Standards-based assessment and Instruction

## Frogs and Flies

There is a frog sitting on a lily pad. First, the frog eats 5 flies. Next, the frog eats 5 flies. Last, the frog eats 5 flies. How many total flies does the frog eat? Show all your mathematical thinking.

#### More Accessible Version

There is a frog sitting on a lily pad. First, the frog eats 3 flies. Next, the frog eats 3 flies. Last, the frog eats 3 flies. How many total flies does the frog eat? Show all your mathematical thinking.

#### More Challenging Version

There is a frog sitting on a lily pad. First, the frog eats 8 flies. Next, the frog eats 8 flies. Last, the frog eats 8 flies. How many total flies does the frog eat? Show all your mathematical thinking.

### Common Core Content Standards and Evidence

#### 1.OA Operations and Algebraic Thinking

Represent and solve problems involving addition and subtraction.

2.   Solve word problems that call for addition of three whole numbers whose sum is less than or equal to 20, e.g., by using objects, drawings, and equations with a symbol for the unknown number to represent the problem.

This task requires students to solve word problems that require addition of three whole numbers and to add, combine and count on. Students must also have number sense to 15 and the ability to recognize duration (first, next, last).

### Common Core Standards of Mathematical Practice

MP.1 Make sense of problems and persevere in solving them.
MP.3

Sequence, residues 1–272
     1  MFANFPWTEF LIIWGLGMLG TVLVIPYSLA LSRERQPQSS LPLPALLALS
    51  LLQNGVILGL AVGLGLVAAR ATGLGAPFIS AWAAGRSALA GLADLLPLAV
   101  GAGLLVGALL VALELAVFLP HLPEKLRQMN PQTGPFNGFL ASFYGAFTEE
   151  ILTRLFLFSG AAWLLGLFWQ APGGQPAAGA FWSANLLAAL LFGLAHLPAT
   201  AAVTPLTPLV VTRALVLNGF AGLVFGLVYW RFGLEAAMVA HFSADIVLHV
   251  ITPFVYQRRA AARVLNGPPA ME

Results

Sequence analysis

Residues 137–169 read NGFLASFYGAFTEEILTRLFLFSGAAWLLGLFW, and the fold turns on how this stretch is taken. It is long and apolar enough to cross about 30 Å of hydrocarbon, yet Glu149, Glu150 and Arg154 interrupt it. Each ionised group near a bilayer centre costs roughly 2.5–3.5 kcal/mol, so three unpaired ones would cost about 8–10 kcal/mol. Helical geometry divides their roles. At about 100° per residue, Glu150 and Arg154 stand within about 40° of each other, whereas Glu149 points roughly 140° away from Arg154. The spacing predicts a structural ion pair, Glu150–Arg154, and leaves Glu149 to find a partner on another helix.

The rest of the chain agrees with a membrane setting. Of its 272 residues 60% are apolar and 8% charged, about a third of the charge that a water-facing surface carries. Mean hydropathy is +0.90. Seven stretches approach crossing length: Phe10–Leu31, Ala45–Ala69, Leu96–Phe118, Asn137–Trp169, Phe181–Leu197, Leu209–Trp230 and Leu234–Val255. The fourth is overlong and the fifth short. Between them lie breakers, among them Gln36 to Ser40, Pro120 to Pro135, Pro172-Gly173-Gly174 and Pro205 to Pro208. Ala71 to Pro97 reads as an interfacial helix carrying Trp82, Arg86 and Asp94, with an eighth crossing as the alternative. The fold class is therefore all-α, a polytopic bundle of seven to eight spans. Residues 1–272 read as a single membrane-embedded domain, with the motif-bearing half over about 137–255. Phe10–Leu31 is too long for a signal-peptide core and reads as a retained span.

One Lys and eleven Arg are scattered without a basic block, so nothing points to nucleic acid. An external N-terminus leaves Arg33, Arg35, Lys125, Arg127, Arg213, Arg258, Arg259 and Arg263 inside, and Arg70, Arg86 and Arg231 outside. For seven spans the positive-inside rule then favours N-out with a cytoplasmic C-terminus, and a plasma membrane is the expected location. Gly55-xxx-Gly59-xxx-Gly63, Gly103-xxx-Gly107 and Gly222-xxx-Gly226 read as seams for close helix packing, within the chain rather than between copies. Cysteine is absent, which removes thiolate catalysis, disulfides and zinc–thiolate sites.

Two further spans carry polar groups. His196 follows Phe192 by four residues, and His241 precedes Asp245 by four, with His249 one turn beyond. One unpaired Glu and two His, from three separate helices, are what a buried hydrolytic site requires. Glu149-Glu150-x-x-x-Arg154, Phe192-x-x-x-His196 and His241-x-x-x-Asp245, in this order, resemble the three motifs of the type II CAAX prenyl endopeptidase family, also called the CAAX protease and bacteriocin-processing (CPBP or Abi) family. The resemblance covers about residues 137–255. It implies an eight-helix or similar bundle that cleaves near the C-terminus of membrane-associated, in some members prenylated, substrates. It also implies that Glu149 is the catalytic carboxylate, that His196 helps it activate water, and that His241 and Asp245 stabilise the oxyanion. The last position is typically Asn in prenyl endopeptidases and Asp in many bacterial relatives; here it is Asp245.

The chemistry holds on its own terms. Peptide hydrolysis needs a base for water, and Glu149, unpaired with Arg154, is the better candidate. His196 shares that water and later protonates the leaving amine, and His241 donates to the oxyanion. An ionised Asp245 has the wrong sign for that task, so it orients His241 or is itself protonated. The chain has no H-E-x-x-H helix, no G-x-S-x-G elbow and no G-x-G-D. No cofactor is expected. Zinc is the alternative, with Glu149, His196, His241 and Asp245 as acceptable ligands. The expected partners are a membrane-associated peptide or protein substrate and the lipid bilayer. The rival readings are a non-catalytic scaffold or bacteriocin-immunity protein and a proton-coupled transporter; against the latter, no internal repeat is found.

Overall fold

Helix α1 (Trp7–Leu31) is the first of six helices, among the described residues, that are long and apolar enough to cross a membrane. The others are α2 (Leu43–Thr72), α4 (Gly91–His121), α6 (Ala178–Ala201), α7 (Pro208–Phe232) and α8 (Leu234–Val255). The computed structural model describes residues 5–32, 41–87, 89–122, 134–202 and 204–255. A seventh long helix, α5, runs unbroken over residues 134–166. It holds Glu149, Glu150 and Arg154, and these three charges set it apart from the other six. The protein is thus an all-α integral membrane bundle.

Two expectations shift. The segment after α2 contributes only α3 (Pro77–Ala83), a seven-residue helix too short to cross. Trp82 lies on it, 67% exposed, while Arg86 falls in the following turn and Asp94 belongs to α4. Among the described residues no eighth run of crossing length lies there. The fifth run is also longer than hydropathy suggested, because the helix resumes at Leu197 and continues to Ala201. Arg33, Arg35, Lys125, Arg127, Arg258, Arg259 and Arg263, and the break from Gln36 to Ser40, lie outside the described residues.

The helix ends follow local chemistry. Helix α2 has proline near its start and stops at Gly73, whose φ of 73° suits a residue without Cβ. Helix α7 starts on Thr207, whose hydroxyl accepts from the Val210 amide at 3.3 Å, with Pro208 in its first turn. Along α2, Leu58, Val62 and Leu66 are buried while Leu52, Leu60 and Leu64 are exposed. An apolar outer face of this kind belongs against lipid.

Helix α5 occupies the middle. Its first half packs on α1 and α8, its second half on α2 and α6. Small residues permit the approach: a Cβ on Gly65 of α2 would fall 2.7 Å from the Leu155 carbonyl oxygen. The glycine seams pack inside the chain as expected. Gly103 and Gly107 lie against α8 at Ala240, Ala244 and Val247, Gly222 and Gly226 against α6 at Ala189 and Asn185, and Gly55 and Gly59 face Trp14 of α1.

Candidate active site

Construct viable arguments and critique the reasoning of others.
MP.4
Model with mathematics.
MP.6
Attend to precision.
MP.7 Look for and make use of structure.

### Underlying Mathematical Concepts

• Number sense to 15
• First, next, last

### Possible Problem-Solving Strategies

• Model (manipulatives)
• Diagram/Key
• Tally Chart
• Table
• Number line

### Formal Mathematical Language and Symbolic Notation

• Model
• Diagram/Key
• Tally chart
• Table
• First, next, last
• More than (>)/Greater than (>)/Less than (<)
• Equivalent/Equal to
• Equal shares
• Odd/Even

### Possible Solutions

The frog eats a total of 15 flies.

#### More Accessible Version Solution

The frog eats a total of 9 flies.

#### More Challenging Version Solution

The frog eats a total of 24 flies.

### Possible Connections

Below are some examples of mathematical connections. Your students may discover some that are not on this list.

• There is an equal amount of flies eaten each day.
• The frog ate an odd number of flies each day.
• Solve more than one way to verify the answer.
• An equation is 5 + 5 + 5 = 15
• 15 is an odd number answer.
• The frog does not eat any more flies, because the task uses the terms first, next, last.
• The running total is 5, 10, 15 flies, or Odd, Even, Odd flies.
• The running total is a +5 pattern.

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